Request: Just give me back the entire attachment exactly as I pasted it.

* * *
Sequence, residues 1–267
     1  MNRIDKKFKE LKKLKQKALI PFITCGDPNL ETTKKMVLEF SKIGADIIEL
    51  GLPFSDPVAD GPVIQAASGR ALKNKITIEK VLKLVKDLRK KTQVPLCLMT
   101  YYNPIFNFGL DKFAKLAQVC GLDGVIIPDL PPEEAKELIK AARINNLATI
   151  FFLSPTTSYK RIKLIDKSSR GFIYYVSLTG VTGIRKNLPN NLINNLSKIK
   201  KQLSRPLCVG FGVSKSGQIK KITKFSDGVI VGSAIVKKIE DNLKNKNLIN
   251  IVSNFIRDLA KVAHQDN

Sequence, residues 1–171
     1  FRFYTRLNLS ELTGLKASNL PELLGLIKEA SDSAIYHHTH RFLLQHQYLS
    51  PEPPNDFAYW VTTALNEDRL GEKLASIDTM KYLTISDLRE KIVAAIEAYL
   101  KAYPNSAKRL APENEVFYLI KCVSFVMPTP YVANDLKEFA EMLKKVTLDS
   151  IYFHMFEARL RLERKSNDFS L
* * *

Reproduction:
Sequence, residues 1–267
     1  MNRIDKKFKE LKKLKQKALI PFITCGDPNL ETTKKMVLEF SKIGADIIEL
    51  GLPFSDPVAD GPVIQAASGR ALKNKITIEK VLKLVKDLRK KTQVPLCLMT
   101  YYNPIFNFGL DKFAKLAQVC GLDGVIIPDL PPEEAKELIK AARINNLATI
   151  FFLSPTTSYK RIKLIDKSSR GFIYYVSLTG VTGIRKNLPN NLINNLSKIK
   201  KQLSRPLCVG FGVSKSGQIK KITKFSDGVI VGSAIVKKIE DNLKNKNLIN
   251  IVSNFIRDLA KVAHQDN

Sequence, residues 1–171
     1  FRFYTRLNLS ELTGLKASNL PELLGLIKEA SDSAIYHHTH RFLLQHQYLS
    51  PEPPNDFAYW VTTALNEDRL GEKLASIDTM KYLTISDLRE KIVAAIEAYL
   101  KAYPNSAKRL APENEVFYLI KCVSFVMPTP YVANDLKEFA EMLKKVTLDS
   151  IYFHMFEARL RLERKSNDFS L